You can learn basic to more detailed bicycle maintenance and repairs from videos posted on YouTube and, with your tablet or iPad beside you, you can watch how to do it as you attempt it yourself.  There are videos that demonstrate general maintenance and repairs and step-by-step instructions on how to change a tire and a bicycle chain, clean and lubricate a bicycle chain, adjust a rear derailleur, gears and brakes, clean and repack a hub, truing a wheel, replace a cogset, and how to change a cassette and how to do a tune-up.  If you don't have a repair stand, you can even watch videos on how to make a repair stand yourself. 

In addition to going online, several Memphis area bike shops also offer some very helpful free maintenance and repair classes.   Bikes Plus, Inc has a free monthly tire changing clinic every third Saturday at 2:00 pm, Bike the Planet provides a free maintenance clinic on the first Saturday of every month, Bike World gives an occasional free Bicycle Repair 101 Course, and Victory Bicycle Studio has a free bike maintenance class every Wednesday at 6 pm.  For contact information on these bike shops and a complete listing of all the other ones in the Memphis area, click on this link to the Memphis Cyclist website.

You can also learn about bicycles and how to do some bicycle maintenance and repairs at Revolutions Community Bike Shop.  It is located at the First Congregational Church in the Cooper-Young neighborhood  at 1000 S. Cooper Ave, Memphis, TN.   Each volunteer is expected to give a total of 10 hours of their time to the charitable work to the community bike shop and, in return, you get a free bike for your efforts, which you will eventually put together yourself.  After that, you will have a place where you can then take the bike and do your own repairs on it from that point forward.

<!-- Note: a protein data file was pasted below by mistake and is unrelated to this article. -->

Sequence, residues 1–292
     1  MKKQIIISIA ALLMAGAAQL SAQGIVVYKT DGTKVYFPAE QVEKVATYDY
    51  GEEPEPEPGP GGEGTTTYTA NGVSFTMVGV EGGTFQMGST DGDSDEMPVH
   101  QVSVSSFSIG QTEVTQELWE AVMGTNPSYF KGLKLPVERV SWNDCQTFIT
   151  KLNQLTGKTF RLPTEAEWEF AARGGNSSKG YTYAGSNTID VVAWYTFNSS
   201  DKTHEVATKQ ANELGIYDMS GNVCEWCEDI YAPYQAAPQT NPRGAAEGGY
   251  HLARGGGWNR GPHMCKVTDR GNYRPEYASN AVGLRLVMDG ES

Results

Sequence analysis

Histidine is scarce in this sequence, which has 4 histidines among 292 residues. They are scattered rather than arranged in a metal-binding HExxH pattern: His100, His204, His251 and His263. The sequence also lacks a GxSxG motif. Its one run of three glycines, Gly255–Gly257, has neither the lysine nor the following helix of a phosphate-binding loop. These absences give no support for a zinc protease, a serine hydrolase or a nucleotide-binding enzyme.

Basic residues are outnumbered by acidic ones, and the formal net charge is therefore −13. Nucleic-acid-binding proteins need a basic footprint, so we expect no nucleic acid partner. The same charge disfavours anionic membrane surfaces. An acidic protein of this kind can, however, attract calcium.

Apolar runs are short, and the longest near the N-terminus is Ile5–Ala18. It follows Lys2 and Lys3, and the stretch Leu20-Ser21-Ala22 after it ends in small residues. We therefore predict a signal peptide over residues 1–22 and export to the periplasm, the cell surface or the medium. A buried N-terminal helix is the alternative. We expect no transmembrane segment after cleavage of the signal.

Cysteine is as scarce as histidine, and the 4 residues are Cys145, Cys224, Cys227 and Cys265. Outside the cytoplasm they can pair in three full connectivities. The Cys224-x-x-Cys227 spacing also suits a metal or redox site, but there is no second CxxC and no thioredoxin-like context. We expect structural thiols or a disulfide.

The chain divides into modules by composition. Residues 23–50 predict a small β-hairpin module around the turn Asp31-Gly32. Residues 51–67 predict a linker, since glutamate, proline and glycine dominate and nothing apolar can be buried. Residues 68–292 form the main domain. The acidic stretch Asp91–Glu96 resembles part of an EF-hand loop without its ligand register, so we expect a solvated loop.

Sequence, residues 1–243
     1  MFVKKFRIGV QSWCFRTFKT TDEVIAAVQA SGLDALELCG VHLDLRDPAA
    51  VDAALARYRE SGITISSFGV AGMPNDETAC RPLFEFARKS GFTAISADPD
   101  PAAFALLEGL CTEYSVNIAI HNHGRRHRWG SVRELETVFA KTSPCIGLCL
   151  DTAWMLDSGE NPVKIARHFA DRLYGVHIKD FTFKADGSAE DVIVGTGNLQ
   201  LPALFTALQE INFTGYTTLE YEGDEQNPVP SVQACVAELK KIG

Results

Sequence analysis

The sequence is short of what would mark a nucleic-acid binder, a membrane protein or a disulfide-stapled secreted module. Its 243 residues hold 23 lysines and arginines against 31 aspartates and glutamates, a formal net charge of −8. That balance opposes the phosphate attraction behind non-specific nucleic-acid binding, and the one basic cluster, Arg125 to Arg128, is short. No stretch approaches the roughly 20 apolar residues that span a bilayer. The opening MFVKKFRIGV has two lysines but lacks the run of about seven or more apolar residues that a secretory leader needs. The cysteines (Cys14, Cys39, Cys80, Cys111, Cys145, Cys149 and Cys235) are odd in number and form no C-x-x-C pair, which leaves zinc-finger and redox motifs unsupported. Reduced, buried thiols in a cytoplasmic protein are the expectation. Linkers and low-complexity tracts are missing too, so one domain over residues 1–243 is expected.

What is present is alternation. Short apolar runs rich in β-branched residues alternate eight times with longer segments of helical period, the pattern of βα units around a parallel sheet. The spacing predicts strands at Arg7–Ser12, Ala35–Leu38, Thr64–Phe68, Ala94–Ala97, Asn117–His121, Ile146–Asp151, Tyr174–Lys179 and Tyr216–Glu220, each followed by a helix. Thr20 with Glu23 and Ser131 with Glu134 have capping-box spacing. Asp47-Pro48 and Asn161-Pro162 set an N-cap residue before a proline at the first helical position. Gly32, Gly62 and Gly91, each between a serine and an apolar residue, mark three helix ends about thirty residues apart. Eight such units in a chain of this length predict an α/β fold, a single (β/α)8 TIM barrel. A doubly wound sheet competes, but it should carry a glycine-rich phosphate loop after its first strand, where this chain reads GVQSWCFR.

In order to avoid unnecessary and costly repairs to your bike in the first place, it is important to do some periodic and preventive maintenance, including a tune-up. 

As a kid, I remember my parents telling me that if I took care of something that it would last longer and, as far as bicycles are concerned, it was advice I have found to be true. 

You may be able to ride hundreds or thousands of miles on a bike, but there is lots of wear and tear on it throughout the time that it takes to rack up that many miles on a bike.  Unless you have the intentions of riding it until the wheels fall of, you will be a lot better off doing some periodic checks, lubricating the chain, and cleaning off dirt and debris, especially if you are riding a mountain bike.  The last thing that you want to ever run into is to have your bike break down during a long-distance bike ride or to have an accident when it could have easily been avoided by a simple check and repair beforehand.

To learn more about bicycle maintenance and repairs, you might want to check out MadeGood.Bikes at http://www.madegood.org/bikes/repairs/.  For those with road and mountain bikes, Todd Downs has written a book, entitled "The Bicycling Guide to Complete Bicycle Maintenance & Repair" that might be a great resource for the do-it-yourselfer. 

Also, if you have some time to spare, there is a very informative and helpful, (1 hour and 24 minute), Youtube video, Bike Garage - The Ultimate Bike Repair Movie Bicycle Maintenance, that may provide you with an overview of bicycle maintenance and repair worth watching before you think about delving into the do-it-yourself arena yourself.